By Nick Robins-Early and Willa Frej : huffington – excpert
Here’s what happens when the radical right starts vying for power.
Elections across Europe this year have confirmed the surging popularity of far-right leaders.
While their liberal and conservative counterparts are in free fall, radical right parties are successfully exploiting public anxiety over migration, national identity and the failures of the establishment. After decades on the fringes, they’re forming governments, by themselves or in coalition.
“You’re seeing this very political, symbolic stand saying enough is enough,” said Natalia Banulescu-Bogdan, head of the international program at the Migration Policy Institute in Washington, D.C. “Those who believe that the system is not working are finding allies throughout Europe.”
These are some of the key leaders and parties seeking to reshape Europe in their own radical right image…
Hungary’s Victor Orban, Italy’s Matteo Salvini, Poland’s Jaroslaw Kaczynski, Austria’s Heinz-Christian Strache, Finland’s Jussi Halla-aho, Sweden’s Jimmie Akesson and Germany’s Alexander…(more)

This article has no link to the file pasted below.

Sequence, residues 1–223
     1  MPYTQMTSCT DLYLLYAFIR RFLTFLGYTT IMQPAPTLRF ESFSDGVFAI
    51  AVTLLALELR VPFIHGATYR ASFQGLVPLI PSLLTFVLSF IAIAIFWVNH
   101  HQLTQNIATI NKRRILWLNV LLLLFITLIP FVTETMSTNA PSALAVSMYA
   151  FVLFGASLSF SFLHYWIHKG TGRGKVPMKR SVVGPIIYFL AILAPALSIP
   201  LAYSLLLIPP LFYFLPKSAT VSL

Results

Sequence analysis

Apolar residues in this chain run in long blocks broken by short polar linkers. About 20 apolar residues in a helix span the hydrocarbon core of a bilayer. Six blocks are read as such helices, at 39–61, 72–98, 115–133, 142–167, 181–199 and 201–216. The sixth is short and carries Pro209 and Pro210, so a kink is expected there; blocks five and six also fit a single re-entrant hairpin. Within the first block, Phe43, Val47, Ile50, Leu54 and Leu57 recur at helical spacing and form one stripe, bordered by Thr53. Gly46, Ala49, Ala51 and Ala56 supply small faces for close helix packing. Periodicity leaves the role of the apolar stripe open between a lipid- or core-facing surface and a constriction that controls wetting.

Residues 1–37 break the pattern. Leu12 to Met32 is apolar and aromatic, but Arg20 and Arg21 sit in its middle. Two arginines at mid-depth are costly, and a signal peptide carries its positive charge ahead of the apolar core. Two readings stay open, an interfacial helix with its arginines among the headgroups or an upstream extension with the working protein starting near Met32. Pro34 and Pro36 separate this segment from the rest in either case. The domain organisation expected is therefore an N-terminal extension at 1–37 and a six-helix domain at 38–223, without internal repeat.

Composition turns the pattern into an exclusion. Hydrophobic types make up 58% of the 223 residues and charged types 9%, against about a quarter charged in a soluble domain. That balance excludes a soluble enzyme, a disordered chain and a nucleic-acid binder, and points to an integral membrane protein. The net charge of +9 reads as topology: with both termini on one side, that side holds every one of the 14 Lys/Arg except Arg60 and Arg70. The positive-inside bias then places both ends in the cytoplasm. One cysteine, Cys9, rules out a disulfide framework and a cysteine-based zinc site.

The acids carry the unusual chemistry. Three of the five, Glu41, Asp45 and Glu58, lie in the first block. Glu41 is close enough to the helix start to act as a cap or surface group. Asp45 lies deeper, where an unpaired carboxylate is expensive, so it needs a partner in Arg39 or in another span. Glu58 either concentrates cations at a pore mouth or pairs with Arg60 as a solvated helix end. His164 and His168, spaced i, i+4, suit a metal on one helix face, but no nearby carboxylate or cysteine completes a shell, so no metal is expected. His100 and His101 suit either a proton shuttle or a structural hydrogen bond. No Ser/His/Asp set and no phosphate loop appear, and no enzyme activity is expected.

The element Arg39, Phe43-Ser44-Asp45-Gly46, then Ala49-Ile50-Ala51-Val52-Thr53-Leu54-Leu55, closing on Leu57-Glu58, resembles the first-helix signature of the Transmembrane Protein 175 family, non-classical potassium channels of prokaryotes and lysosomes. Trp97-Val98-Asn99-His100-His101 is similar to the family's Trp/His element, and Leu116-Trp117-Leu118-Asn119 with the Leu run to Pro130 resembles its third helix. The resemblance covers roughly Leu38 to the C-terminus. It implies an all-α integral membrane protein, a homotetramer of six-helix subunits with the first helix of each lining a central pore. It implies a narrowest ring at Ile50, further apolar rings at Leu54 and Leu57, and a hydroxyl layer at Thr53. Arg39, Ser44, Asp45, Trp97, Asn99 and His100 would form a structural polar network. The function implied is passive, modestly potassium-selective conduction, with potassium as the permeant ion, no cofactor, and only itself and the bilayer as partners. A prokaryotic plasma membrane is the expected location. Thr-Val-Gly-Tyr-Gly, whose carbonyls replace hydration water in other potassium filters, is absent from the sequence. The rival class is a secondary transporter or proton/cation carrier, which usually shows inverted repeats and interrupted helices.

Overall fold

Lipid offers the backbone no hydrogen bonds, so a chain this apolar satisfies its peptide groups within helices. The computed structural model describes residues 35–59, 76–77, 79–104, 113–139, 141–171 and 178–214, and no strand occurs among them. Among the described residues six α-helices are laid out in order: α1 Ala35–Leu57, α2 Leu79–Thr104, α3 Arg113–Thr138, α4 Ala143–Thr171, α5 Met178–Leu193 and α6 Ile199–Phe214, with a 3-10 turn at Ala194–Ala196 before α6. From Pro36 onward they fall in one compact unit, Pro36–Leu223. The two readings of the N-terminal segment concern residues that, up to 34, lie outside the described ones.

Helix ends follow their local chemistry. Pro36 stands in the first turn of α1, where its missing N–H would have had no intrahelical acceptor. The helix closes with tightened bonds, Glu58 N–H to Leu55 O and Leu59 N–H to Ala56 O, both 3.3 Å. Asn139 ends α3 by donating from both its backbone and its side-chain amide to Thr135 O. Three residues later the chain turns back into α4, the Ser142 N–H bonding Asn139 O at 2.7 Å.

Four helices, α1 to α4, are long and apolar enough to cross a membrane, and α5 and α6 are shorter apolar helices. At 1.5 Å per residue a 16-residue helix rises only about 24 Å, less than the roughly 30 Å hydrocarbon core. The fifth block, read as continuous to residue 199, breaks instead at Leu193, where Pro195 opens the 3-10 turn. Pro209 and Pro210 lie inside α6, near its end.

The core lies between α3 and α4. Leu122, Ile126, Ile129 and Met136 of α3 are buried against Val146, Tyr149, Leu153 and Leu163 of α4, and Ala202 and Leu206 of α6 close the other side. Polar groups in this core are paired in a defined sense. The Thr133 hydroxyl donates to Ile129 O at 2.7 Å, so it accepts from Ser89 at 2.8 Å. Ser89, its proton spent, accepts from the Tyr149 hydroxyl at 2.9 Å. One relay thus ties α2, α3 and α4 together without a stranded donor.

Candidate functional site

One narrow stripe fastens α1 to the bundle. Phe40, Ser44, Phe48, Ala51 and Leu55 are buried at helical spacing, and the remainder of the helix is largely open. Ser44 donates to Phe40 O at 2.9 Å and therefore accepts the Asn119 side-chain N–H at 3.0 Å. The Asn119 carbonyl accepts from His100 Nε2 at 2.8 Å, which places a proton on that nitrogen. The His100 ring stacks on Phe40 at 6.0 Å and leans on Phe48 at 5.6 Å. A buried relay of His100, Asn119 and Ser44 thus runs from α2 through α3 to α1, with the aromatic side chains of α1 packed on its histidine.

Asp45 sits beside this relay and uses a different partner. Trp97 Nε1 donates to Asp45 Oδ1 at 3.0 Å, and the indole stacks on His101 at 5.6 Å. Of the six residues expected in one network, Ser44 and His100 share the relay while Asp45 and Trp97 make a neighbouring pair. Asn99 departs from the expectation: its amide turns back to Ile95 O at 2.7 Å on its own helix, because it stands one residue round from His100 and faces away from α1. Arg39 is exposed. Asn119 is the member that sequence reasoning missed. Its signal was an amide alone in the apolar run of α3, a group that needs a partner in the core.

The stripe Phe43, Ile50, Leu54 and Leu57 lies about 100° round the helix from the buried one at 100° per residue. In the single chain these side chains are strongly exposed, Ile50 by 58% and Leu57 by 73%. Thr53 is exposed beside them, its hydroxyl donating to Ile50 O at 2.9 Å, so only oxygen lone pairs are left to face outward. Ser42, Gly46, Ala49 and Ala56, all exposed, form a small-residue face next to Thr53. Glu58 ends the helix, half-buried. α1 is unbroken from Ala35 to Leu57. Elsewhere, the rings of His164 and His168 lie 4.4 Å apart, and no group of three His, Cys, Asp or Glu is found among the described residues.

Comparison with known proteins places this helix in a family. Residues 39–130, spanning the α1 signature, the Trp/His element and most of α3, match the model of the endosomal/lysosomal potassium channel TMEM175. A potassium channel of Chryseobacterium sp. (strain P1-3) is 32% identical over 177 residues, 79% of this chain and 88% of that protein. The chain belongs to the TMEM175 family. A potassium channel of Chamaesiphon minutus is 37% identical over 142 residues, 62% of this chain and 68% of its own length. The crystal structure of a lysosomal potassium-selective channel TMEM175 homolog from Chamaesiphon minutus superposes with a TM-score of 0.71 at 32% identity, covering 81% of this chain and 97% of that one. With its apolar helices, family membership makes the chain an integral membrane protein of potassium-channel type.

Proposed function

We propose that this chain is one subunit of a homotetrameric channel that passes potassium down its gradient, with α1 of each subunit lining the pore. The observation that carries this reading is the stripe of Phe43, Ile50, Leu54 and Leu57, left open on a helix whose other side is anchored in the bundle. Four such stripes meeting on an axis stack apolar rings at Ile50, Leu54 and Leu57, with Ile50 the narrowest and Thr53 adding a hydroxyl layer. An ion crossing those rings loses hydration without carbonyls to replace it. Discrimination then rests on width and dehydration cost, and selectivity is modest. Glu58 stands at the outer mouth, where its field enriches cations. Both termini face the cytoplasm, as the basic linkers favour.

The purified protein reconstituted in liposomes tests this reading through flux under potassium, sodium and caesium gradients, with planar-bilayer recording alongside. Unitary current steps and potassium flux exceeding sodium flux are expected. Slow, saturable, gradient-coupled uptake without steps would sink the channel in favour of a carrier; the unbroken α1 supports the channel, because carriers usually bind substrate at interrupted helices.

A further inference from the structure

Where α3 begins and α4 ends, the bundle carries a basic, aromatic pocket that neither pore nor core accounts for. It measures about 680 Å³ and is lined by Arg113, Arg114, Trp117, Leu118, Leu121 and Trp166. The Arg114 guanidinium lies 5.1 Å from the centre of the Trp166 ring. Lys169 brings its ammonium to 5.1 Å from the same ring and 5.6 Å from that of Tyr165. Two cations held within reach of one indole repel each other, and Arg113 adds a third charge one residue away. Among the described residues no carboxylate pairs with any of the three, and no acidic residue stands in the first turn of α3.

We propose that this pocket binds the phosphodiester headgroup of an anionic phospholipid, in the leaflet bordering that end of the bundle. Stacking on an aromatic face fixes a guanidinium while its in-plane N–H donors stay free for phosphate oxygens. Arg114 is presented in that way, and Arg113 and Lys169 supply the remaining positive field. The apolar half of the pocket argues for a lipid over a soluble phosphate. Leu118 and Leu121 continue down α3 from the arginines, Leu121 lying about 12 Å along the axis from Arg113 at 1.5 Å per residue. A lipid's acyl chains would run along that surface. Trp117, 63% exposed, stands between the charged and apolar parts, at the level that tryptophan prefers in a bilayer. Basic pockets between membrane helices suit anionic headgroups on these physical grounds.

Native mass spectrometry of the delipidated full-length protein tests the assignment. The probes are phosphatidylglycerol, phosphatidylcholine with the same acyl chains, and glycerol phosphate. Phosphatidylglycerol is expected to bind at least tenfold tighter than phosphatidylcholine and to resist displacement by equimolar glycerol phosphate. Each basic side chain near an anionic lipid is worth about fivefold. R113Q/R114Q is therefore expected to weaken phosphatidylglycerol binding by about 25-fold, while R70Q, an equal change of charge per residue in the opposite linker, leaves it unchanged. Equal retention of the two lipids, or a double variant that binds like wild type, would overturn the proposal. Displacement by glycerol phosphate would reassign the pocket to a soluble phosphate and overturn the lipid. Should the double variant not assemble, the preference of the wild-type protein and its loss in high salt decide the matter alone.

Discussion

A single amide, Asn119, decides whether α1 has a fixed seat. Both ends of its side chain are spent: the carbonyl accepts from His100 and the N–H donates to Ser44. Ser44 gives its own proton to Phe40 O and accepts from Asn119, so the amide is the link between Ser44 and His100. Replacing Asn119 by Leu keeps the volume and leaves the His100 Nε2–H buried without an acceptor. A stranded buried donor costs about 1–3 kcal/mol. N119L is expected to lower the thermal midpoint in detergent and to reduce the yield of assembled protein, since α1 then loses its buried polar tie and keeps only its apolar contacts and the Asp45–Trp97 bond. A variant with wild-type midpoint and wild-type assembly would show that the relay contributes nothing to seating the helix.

pressheretv – excerpt (includes video)
Press Here looked at gentrification in our cities that is often blamed on the hiring practices of tech companies, and explores ways governments may use opportunity zones to change that legislatively. It appears there was some language written into Obama era federal legislation that set them up.
Oakland’s Opportunity Zones
Posted On: August 24, 2018
Posted In: investment, JOBS act, Los Angeles Times, Oakland, tax, taxes, Tomio Geron, Wall Street Journal, Wendy Lee
Cross Culture Ventures’ Marlon Nichols encourages investing in under-served neighborhoods.
http:/Straight Talk for Startups